Best seems to always have one mode: Fast. He ran fast. He cut fast. He caught fast. He leapt fast. He even interviewed fast. He's the prototypical Internet-generation athlete!
He was a one man instrument of warfare, like that sniper in Saving Private Ryan. In a blink of an eye, he took teams out of games. We can count the games, the names, the teams he left burning on the turf in his wake. CSU '08. Wazzu '08. Furd '08. Washington '08. Miami '08. Maryland '09. Minnesota '09. UCLA '09. Opposing fans probably felt a little helpless once the Jet found the seams and broke loose--it was hardly a fair fight once Xs and Os crumbled into the 100 m dash.
I don't think I've ever seen a football player take over a football game by himself the way Jahvid did with the liabilities he had to nurse from everyone. He was hampered with a generally weak offensive line (especially in the interior) and a terribly hamstrung quarterback situation. Even Desean had a fairly accurate Longshore throwing to him much of his career. Best had to win many games on his own (and when I say on his own, he generated around 70 to 80% of their meaningful offense, sometimes even more). The only Bear who had to burden that much of the load in modern times was probably Deltha, and those teams still stunk. One player can't make a team great; it's to Jahvid's credit that he kept the offense running alright with minimal help (Ta'ufo'ou, Mack and Malele in '08, and mmmaybe Summers-Gavin in '09).
After a short but often-electric stint in the National Football League with the Detroit Lions...
...Best joined the California coaching staff as a student assistant, while finishing his degree, in January 2014.
The feel good story of the US Swim trial, Anthony Ervin is again an Olympian. After winning a gold medal in the 50 freestyle at the 2000 Olympics, Tony (his preferred name to friends) retired in 2003 (after the end of his Cal career) when he was 22 years old to explore "other interests".
After joining a rock band in New York and various other youthful exploits (that some articles try to make a bigger deal than others), he eventually found himself teaching swimming to kids in both New York City and Oakland. Last year he began training again, and qualified for London by finishing second in the 50 free (by narrowly edging out fellow Cal bear, Nathan Adrian). Between his colorful sleeve tattoos and a more slender body type, Anthony stands out in the pool.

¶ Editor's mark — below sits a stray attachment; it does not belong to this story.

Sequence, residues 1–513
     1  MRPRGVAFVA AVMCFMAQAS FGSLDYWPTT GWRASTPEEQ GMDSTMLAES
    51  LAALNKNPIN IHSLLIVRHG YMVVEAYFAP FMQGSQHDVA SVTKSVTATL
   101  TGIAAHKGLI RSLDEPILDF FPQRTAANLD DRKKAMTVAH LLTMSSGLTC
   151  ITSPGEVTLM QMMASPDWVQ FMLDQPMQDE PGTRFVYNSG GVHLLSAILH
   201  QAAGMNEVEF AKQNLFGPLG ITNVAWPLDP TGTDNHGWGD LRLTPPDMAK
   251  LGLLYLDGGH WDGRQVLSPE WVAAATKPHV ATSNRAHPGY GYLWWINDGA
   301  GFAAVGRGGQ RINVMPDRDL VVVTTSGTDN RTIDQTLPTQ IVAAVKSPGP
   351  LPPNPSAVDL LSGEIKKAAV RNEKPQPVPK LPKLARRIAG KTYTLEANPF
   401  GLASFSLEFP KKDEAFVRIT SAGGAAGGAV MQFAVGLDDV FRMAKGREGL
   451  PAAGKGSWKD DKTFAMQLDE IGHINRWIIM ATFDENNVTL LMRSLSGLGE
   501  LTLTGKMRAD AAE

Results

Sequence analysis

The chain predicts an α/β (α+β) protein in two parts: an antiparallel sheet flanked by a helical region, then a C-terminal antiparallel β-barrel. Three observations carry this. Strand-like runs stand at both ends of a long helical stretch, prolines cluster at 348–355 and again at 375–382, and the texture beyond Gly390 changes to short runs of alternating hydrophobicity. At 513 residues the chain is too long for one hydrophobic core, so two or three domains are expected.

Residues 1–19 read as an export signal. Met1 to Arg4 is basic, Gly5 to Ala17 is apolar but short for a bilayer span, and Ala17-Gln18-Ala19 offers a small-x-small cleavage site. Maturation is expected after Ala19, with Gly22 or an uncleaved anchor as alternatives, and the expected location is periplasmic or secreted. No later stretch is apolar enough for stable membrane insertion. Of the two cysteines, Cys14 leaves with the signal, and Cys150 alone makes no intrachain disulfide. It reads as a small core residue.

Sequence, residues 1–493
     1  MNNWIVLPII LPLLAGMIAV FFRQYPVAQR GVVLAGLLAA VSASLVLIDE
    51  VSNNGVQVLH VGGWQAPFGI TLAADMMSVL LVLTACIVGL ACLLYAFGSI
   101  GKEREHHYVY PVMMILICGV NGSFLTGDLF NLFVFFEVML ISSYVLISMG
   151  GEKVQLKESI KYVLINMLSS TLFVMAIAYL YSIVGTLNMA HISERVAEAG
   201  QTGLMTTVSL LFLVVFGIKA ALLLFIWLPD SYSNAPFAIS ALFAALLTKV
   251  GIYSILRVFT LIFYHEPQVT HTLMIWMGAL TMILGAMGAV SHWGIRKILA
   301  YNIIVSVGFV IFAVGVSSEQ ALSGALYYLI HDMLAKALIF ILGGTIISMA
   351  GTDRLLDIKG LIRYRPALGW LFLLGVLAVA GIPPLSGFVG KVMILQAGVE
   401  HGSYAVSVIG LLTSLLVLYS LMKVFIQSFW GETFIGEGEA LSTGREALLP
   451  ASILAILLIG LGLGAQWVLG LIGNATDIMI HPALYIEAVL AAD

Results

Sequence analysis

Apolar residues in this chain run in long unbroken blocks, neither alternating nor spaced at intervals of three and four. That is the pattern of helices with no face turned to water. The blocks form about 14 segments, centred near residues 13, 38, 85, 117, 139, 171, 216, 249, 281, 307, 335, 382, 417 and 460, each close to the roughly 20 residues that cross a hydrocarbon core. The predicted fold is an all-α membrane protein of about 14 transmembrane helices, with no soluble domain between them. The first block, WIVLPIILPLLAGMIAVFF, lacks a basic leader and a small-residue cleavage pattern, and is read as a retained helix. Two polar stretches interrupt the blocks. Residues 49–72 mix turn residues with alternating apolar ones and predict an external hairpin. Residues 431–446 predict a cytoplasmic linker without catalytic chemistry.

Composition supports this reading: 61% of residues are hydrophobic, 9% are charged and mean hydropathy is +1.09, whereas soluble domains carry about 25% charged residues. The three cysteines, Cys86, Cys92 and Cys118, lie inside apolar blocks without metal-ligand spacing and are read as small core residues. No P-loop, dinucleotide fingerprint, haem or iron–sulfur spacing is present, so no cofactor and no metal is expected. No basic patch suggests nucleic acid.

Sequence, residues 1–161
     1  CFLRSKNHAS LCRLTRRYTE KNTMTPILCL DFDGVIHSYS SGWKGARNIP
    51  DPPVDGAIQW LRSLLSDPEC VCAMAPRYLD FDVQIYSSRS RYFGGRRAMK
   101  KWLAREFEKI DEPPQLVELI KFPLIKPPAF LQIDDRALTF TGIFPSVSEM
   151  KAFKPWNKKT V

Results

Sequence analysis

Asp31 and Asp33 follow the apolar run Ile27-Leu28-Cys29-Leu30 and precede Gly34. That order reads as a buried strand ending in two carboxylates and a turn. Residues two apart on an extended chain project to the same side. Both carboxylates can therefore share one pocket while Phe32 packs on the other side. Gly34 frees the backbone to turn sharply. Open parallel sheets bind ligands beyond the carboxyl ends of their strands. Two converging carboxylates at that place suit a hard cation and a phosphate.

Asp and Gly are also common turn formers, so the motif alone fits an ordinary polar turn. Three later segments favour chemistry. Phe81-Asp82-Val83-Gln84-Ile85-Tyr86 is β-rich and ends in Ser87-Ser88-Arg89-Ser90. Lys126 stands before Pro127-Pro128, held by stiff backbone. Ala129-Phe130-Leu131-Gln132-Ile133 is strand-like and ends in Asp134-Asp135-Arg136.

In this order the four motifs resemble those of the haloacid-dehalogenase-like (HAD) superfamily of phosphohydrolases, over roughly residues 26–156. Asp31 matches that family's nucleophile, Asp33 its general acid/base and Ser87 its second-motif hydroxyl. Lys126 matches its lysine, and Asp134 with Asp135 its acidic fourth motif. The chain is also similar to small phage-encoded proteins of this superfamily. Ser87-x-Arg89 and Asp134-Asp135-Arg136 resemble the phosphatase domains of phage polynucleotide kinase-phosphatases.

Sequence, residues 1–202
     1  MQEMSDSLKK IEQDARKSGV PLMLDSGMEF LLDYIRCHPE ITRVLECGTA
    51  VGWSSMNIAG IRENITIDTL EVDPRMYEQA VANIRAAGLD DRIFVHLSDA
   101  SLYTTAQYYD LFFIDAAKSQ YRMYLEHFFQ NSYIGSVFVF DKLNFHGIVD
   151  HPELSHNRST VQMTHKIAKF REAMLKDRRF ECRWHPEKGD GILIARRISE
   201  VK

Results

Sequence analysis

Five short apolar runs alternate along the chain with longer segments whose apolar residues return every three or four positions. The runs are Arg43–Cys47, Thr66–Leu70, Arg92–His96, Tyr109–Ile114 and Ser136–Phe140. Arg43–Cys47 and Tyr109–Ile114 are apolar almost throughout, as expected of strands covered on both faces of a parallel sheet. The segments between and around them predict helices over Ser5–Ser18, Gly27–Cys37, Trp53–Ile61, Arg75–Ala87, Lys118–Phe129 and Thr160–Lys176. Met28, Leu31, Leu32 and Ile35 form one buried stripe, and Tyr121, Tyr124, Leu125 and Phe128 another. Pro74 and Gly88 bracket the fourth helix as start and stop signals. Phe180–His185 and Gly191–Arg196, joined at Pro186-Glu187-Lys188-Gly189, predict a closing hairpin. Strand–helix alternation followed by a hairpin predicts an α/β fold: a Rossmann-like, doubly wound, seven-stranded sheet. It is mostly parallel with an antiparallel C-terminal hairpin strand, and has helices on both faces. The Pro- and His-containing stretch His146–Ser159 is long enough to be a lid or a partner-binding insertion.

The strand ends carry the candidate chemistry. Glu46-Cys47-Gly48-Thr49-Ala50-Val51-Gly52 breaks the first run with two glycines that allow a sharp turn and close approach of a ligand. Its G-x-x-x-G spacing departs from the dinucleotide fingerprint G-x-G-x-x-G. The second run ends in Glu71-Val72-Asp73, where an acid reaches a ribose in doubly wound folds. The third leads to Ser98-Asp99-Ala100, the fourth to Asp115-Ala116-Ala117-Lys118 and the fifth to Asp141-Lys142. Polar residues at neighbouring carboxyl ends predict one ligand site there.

Also of note, Anthony auctioned off his 2000 Olympic gold medal on eBay to aid survivors of the 2004 tsunami. Anthony did eventual finish his Cal degree in English in 2010 and is now currently in the Cal graduate program for sport, culture and education.
Event: 50 freestyle
2nd time Olympian (In Sydney 2000 Olympics won gold in 50 Free and silver in 4x100 Free relay)
Cal career: 1999-2002
A great sentimental comeback story (which NBC will surely milk in the Olympics), Anthony won a gold back in 2000 and proceed to take almost a decade off from swimming. After teaching kids to swim an year ago, Ervin decided to make a comeback and was able to finish second in 50 Free (narrowly edging out Nathan Adrian by 8/100th of a second).
Anthony's slightly different training method/mentality is nicely explained in this USA Swimming article here. Interestingly, the article also conjectured about the success of Cal swimming:
Cal Swimming has long been at the forefront of alternative training approaches. Which could explain why they are – and have been -- so successful. Their two most individualistic and strongest personalities, Ervin and 29-year-old Natalie Coughlin, are also two of the sports most inventive, innovative thinkers. They tinker. They ask. They learn. They reflect. It’s no secret they both are still involved in the sport at an age once considered "ancient."
Read more about Anthony in this SFGate article here.
Grantland has the following interesting short blurb about him:
Enigmatic 31-year-old who won gold and silver in Sydney, retired from swimming in 2003 at age 22, and sold his gold medal to raise money for the Indian Ocean tsunami relief. (Lost his silver medal during his notoriously nomadic travels.) Returned to competition last year. Has such poor eyesight that a competitor had to tell him he had qualified; when Brendan Hansen congratulated him afterward he squinted and responded, "Who is that?" Speaks in full paragraphs, but also says things like "I just want to keep this fun train chugging."